Wollongong’s Migration Heritage Places Study, 2007, was an initiative of the Migration Heritage Project and was also known as ‘The Places Project’. The study was made possible through funding from the Department of Planning NSW Heritage Office, the Migration Heritage Centre of NSW and Wollongong City Council. The study was conducted by Meredith Walker, Louise Thom and Glynis Cummins. The Project report was officially handed over in February 2008 to the Migration Heritage Project, Migration Heritage Centre and Wollongong City Council. Material from the study continues to be incorporated into other forms of media by the MHP but publishing the study is entirely dependent on funding availability and volunteer assistance.
Using the historic themes identified in the MHP’s “Investigation Migration Heritage Wollongong” (unpublished), the benefit of the Places Project was the greater understanding of the experience of migration in Wollongong in the 20th Century, in particular: post World War 2 accommodation, work and worship. The population of Wollongong more than doubled between 1947 and 1961 due to migration yet previous heritage studies of Wollongong had not fully acknowledged migration as a significant historic theme in the City’s development. The Places Project aimed to address this oversight. The themes of accommodation, work and worship were selected being the shared priorities of all migrants irrespective of where or when they settled in Wollongong and the results of the research into these themes led to an understanding of important places related to migration.
When researchers, Louise Thom, Meredith Walker and Glynis Cummins, formally handed over the Wollongong Migration Heritage Thematic Study (Places Project) to the stakeholders, the potential to build on the Places Project research was clearly evident to the MHP Committee.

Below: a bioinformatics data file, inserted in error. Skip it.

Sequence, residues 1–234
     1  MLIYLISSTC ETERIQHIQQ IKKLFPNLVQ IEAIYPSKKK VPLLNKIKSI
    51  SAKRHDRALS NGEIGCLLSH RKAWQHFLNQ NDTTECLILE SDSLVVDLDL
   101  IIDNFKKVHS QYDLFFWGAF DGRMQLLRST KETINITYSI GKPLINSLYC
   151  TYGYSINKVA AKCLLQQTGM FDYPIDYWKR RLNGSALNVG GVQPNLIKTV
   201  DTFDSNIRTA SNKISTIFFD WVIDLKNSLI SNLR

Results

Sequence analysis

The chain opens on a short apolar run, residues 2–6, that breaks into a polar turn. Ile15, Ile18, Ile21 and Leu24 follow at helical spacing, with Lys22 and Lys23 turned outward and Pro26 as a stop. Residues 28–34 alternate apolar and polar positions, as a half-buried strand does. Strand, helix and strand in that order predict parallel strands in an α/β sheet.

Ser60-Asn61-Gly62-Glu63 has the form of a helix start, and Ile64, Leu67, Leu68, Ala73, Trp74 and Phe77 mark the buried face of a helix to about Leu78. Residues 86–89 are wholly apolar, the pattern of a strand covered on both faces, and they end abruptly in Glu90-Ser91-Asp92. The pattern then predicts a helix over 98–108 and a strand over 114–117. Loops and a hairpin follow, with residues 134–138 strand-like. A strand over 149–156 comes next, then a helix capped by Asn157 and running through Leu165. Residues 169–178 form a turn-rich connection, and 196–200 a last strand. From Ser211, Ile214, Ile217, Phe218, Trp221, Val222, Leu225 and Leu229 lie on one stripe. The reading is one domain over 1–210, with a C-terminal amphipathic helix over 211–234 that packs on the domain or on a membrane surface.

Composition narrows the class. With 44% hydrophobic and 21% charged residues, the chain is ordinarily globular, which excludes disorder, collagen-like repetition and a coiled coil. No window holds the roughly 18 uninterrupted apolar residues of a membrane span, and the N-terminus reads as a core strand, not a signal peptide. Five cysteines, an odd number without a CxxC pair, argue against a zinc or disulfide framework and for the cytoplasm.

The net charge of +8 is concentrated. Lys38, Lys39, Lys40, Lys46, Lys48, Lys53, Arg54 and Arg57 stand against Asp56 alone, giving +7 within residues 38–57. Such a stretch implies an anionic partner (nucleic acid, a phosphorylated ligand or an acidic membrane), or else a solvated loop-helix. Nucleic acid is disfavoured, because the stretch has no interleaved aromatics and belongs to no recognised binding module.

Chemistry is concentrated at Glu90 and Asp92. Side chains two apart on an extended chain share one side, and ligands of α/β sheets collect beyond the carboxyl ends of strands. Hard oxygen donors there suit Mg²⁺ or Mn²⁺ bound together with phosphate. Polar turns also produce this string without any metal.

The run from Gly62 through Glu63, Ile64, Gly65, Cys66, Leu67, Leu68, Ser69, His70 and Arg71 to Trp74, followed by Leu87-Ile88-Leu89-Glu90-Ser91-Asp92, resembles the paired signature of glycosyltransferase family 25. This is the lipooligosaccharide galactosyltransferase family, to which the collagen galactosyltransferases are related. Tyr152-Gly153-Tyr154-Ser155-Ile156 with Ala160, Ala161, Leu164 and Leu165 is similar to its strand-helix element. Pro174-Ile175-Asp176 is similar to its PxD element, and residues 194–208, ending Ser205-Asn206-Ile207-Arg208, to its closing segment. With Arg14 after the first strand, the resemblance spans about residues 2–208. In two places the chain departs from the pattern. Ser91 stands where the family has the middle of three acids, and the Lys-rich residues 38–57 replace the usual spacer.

In March 2009 the Wollongong City Council convened a Places Workshop and invited a cross-section of the heritage, academic and local government sectors for a presentation and discussion of the Places Project and the offer to share the Places Project for migration heritage themed exhibitions, publications or further expansion on the collection so far.
Places Project material is available at the Wollongong City Council Local Studies Library.
The ‘First Generations Portrait Exhibition’ and the ‘Not Missin’ the Nissen’ creative interpretation in the 2009 Viva La Gong Festival and the Working Women internship are example of projects drawn directly from the Places Project.
Wollongong Migrant Heritage Places Study First Accommodation for Post-WW2 Migrants in the Illawarra
A thematic study into places post-WW2 migrants first lived when they came to the Illawarra such as tents, caravans, boarding houses, shared housing, half houses, garages and hostels. An initiative of the Migration Heritage Project, the thematic study, also known as ‘The Places Project’ was made possible through funding from the Department of Planning NSW Heritage Office, the Migration Heritage Centre of NSW and Wollongong City Council.
Wollongong Migration Heritage Places Study The Places Migrant Women found Work in Wollongong Post WW2
Wollongong’s Migration Heritage Places Study, 2007, was an initiative of the Migration Heritage Project and was also known as ‘The Places Project’. The study was made possible through funding from the Department of Planning NSW Heritage Office, the Migration Heritage Centre of NSW and Wollongong City Council. One of the themes studied was the places post-WW2 migrant women found work in the Illawarra.